A registry is currently operating in England that will soon open to U.S. users of SonaCare Medical’s HIFU devices. While SonaCare funds the registry, it does not have control of the data, said SonaCare CEO Mark Carol. His firm will also contribute funding to a broader U.S. registry that Hu and his co-authors support, which would incorporate results from other HIFU devices as well, calling the plan an “ambitious and worthwhile undertaking.”
The evidence gathered could convince Medicare and other insurers that a treatment is valuable — and worth covering. But some practitioners may not want insurers to cover the treatment because when a treatment isn’t covered, cash payments by patients can often exceed what practitioners would be paid by insurers. Currently, men usually pay for it themselves.
“The financial piece of this is somewhat perverse,” said Hu. “Men are being charged $25,000 for this, yet no one feels pressure to demonstrate the efficacy of the treatment.”
Adding A New Alternative To Treatment Debate
Meanwhile, the continuing debate regarding patients’ treatment options has created an opportunity for HIFU.
Surgery and radiation can pose problems such as incontinence or impotence, while hormonal treatments also cause impotence and can also result in hot flashes, muscle weakness and other problems.
When the cancer is aggressive, the benefit of these approaches outweigh such side effects. But for men with lower-risk profiles, based on factors such as age, and results of tests and biopsies, the choice is more difficult. Some health care experts encourage these patients to opt instead for “active surveillance,” which means keeping an eye on the cancer through regular testing.
But some men are uncomfortable just watching — and that’s where HIFU could play a role.
Patients who have an area in the prostate with a higher grade tumor could choose to treat just that portion with HIFU, said Indiana University’s Koch, who was part of the clinical trials of SonaCare’s device in the U.S. and has accepted funding from the company.
“If we can treat [that area] with therapy, we can get them back on active surveillance,” said Koch.
Others say more study is needed.
With prostate cancer, there may be a dominant tumor, but small cancer cells elsewhere in the gland, said Justin Bekelman, associate professor of radiation oncology at the University of Pennsylvania.
Still others note that patients who choose HIFU need to select physicians with lots of experience and training because the procedure is complex.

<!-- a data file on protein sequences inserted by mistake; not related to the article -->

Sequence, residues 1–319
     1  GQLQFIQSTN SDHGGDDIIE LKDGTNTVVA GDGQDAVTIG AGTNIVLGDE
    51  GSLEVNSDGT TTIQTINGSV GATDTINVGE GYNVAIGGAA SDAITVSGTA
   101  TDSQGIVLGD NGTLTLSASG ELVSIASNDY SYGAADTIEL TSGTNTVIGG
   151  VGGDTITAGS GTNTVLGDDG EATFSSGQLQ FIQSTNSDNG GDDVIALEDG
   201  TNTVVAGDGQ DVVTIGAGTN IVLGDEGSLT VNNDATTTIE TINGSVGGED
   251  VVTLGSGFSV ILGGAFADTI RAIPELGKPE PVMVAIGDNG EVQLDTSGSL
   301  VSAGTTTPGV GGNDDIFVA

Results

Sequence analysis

“HIFU is a steep learning curve. Some of the doctors buying these machines are not ready for it,” said Jim Wickstrom, who had the procedure four years ago in Bermuda and is a big proponent. He says patients should do their research and choose only very experienced physicians who are willing to show their outcome data.
Registries could also help provide more information on outcomes, but one big challenge is who would pay for it.
“The main reason those (registry efforts) fail is the industry doesn’t want to fund those studies, even if they think the treatment is better,” said Sean Tunis, president and CEO of the Center for Medical Technology Policy in Baltimore and a former medical director at the Center for Medicare & Medicaid Services.
Mainly, that’s because they don’t need to unless required by the FDA, said Tunis. They already have marketing approval based on a limited number of studies demonstrating safety and efficacy.
Also, while registries are useful they also have limitations.
For one thing, because they are not randomly controlled trials, registries aren’t the best way to compare treatment A to treatment B, said Fred Masoudi, a professor at the University of Colorado’s medical school. But they can show how treatments, drugs or devices perform in common use.
“It’s not a foregone conclusion that results will be the same [as in clinical trials], which is why registry programs are so important,” said Masoudi, who has been involved with other such registries.
Where The Market Stands
SonaCare said it has sold more than 30 of the machines in the U.S., with medical centers in California, Florida, New York, North Carolina and Texas already using them. Competitor EDAP reported late in August that earnings from its HIFU division rose 68 percent in the first six months of 2016.
Patient advocates caution men to do a lot of research before choosing any type of treatment.
“With any procedure, there is a risk of temporary or ongoing issues with ED or incontinence,” said Chuck Strand, CEO of Us Too, a prostate cancer patient group that is partially funded by industry. “Anytime anyone is looking at any therapy, we urge them to do their homework, ask lots of questions and get a second or even third opinion.”